The Washington Post’s editors join the chorus of those trying to downplay the documents, captured by Israel, about Iran’s pre-deal nuclear efforts. They write that “the trove doesn’t add greatly to what was already known about Iran’s pursuit of nukes.”
The point, though, is that the trove adds greatly to what is not known about that pursuit. The effort to rein in Iran’s nuclear program through an agreement requires such knowledge. As Scott says:
The Iran deal was predicated on the full disclosure by Iran of its nuclear program to the IAEA. The requirement of disclosure was imposed on Iran under the terms of the JCPOA.
The documents the Post pooh-poohs show that Iran provided nothing approaching full disclosure. Thus, in my view, it violated the agreement.
The violation, moreover, is not a technicality. It is highly material to the agreement. Tzvi Kahn explains:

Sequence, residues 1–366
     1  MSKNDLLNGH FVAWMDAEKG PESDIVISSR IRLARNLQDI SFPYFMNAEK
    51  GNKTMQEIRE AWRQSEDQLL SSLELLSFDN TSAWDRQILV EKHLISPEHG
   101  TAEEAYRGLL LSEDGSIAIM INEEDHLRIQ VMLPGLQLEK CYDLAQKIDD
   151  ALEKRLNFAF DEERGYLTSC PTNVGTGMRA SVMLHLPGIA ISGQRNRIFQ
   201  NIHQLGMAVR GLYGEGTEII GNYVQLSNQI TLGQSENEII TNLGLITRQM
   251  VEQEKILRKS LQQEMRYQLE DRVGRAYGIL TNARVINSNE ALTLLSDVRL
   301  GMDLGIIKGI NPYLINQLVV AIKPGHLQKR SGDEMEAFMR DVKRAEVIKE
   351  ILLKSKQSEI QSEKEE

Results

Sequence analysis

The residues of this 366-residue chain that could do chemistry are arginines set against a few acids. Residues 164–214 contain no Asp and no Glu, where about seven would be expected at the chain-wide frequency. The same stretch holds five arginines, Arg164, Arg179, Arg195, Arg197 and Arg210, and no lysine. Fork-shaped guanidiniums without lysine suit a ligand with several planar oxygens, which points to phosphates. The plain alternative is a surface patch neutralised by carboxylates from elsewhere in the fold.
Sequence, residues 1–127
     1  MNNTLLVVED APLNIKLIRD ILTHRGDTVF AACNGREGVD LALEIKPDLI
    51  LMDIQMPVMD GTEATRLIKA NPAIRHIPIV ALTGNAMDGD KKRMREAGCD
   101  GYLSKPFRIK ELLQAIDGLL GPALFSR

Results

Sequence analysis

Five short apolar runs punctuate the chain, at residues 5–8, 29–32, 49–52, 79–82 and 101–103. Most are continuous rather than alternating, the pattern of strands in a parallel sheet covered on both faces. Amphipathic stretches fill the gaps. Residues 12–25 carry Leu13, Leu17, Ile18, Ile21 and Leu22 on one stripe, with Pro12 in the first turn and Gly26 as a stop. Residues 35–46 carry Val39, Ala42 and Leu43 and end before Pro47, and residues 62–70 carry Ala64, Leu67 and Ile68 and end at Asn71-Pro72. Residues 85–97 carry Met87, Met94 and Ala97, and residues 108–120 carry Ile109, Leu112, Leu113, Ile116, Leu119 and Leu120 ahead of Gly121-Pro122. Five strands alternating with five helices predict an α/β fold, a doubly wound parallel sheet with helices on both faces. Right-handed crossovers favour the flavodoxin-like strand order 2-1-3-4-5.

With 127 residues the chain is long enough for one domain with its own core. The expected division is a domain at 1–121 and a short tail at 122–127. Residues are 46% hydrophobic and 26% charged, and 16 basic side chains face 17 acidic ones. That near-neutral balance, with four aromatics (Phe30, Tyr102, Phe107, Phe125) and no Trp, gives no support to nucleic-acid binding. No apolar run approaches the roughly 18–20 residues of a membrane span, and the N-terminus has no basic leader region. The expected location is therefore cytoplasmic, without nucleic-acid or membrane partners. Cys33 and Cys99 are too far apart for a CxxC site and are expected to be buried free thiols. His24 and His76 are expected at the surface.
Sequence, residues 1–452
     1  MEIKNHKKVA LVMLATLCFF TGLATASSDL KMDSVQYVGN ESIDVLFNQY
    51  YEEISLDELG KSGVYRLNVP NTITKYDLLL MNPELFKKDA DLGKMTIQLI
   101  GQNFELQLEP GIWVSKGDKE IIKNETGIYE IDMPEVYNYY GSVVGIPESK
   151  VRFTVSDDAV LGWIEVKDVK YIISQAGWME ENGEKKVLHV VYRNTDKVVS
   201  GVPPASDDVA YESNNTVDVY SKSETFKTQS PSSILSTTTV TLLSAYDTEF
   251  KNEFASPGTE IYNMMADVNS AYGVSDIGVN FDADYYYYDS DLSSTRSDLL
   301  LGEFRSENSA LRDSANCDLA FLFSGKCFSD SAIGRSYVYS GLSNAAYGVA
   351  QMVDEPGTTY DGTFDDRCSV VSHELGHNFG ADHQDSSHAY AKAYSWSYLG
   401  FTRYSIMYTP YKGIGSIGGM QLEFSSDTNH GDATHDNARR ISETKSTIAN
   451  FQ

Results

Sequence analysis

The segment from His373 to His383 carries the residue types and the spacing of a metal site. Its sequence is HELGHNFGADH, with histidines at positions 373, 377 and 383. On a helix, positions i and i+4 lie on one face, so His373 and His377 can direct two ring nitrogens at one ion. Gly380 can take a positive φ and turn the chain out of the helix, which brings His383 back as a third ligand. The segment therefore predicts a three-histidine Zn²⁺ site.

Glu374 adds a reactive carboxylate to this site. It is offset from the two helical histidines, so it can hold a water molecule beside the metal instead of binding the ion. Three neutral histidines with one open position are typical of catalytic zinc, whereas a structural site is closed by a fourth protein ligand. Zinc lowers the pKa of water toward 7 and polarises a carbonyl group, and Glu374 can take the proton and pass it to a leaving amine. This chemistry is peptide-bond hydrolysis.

By refusing to come clean on its past nuclear work, the clerical regime prevents nuclear inspectors from establishing a baseline for verification, potentially enabling Tehran to conceal illicit nuclear activities.
This is why the disclosure requirement was imposed. And it is why Iran did not comply.
The Post declines to mention, never mind address, this point. Instead, it substitutes a straw man:
Mr. Netanyahu argued that Iran violated the deal by lying to the IAEA about its previous pursuit of a weapon. But that, too, was well known. The real purpose of the pact was to curb Tehran’s future activity, at least for a decade or so.
As I argued above, however, to ensure that we curb future activity, and to guard against future lying, we need to know the truth about Iran’s previous activity as a baseline for verification, in Kahn’s words. It wasn’t enough to know that Iran lied, we needed to know the truth, with specificity. Israel’s documents show that Iran did not provide it.
In the paper edition, the Post’s editorial is called “Mr. Netanyahu’s inconclusive case.” Before declaring the case “inconclusive” the Post should present it more fairly.